I’ve just taken you to school. Your pack lunch was the same as always: a cheese roll and some grapes (we ran out of banana “yum yums” so you’ve got a biscuit instead). Your tights got damp from the rain but, with your pink anorak keeping the rest of you dry, you seemed chipper. That is, until you arrived at the classroom door and hugged your teacher tightly, making me wonder if I’d unintentionally imparted some of my concerns. I’m sorry if I did, because maybe the impending doom that’s been forecast will never materialise.

I’m home now and continue to analyse what it all means. What it means for me, what it means for you and all your little palls I’d left you chalking skeletons with. Only time will tell. Maybe it won’t mean anything. Perhaps society will keep on keeping on and Trump will be just another US president who makes little difference to the landscape. Except, I’m not convinced. Society is divided, and if the American election and Brexit have confirmed one thing, it’s that. There is right-wing movement gaining momentum, and when you’ve got France’s most divisive figurehead applauding America’s new leader, you can’t help but worry. It gives those with extreme views the confidence to come out of the woodwork and speak up. Even parking the fascism for a second, I fret the people who feel unheard won’t be rewarded as they’ll expect and this, in itself, will be problematic. The Haves will get richer and continue to make or influence decisions that affect us all, the Have Nots will get angrier and seek vengeance in the wrong places and the Have Somethings will look down their noses in disgust – and ultimately do nothing.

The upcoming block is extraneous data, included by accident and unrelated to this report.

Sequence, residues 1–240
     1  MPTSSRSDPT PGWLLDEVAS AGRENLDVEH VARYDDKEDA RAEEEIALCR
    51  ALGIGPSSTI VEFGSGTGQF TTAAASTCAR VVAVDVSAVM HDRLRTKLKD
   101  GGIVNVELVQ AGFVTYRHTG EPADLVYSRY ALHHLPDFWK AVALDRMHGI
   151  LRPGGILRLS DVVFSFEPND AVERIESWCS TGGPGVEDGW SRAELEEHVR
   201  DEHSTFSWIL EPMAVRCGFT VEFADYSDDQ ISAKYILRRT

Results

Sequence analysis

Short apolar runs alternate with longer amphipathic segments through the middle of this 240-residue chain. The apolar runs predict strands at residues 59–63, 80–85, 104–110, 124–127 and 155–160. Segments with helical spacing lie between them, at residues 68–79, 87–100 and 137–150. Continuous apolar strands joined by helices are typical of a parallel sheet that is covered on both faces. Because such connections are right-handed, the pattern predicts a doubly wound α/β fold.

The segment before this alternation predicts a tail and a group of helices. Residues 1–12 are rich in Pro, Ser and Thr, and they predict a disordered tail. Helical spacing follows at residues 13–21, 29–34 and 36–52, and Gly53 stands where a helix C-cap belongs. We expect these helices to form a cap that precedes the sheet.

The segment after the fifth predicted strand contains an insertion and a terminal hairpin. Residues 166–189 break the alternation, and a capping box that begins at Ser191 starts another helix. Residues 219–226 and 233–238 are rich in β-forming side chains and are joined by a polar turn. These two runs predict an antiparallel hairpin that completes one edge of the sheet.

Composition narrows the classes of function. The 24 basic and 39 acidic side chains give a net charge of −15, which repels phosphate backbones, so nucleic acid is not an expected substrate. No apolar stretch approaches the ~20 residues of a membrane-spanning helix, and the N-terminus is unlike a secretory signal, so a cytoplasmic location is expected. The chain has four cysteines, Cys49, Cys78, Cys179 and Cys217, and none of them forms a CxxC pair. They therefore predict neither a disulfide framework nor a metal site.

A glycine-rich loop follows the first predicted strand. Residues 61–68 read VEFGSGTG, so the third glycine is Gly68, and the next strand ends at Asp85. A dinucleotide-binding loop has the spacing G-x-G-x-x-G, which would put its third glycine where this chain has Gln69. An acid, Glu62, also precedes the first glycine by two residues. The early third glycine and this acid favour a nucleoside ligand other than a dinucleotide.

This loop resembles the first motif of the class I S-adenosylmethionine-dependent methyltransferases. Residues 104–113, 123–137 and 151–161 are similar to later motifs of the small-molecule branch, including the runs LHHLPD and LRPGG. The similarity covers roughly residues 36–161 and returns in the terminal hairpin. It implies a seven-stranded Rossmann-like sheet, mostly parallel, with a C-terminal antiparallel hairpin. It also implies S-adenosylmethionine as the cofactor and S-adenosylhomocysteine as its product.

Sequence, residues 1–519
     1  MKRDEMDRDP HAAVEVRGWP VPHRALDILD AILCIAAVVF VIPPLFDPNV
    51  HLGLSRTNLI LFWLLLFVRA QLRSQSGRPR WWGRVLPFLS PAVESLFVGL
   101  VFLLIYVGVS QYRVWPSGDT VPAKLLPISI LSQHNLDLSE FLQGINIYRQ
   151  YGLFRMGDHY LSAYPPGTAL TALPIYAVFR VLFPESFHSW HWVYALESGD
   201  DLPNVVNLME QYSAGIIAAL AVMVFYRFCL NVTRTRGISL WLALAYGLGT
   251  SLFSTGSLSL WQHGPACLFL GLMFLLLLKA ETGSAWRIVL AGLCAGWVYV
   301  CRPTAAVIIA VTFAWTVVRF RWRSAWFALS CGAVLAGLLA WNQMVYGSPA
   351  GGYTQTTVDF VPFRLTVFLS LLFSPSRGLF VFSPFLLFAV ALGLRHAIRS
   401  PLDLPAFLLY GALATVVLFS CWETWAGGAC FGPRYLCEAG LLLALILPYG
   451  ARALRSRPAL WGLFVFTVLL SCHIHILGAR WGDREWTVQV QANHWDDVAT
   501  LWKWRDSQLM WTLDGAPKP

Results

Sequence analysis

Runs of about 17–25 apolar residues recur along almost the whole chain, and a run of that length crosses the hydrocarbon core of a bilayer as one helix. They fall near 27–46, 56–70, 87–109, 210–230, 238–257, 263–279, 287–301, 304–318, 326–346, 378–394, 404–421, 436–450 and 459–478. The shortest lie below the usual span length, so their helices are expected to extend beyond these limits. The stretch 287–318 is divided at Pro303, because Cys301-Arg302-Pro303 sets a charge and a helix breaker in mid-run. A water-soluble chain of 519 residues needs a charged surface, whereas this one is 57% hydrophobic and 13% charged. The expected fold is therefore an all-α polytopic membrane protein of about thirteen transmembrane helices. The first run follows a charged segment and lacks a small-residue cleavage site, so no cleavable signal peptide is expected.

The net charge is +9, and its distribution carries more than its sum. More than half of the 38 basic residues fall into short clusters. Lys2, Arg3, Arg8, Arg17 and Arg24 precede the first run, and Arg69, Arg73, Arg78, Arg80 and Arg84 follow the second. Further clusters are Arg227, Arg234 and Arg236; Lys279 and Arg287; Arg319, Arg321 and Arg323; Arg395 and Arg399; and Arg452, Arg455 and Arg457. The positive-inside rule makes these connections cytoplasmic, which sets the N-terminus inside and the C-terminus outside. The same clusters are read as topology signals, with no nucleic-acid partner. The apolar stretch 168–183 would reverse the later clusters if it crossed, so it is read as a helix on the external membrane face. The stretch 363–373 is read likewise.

But what do I know? I live – we live – in the champagne socialist bubble that is London. We are out of touch and that became clear after the European Referendum. In summer, I lambasted the ‘naivety’ and ‘ignorance’ of those who chose to divorce us from our continental lovers. ‘How is having no say better than having some say – even if that say doesn’t always go in our favour?’ I reckoned back then. I get it now. When you feel like you’ve been screwed and your pleas fall on deaf ears, the only thing you’ve got is a chance to stick two fingers up to the bastards ignoring you, so why wouldn’t you hit them where it hurts? I’m not saying that darker forces aren’t at work, but it’s not as simple as blanket racism and, in their position, I might have done the same.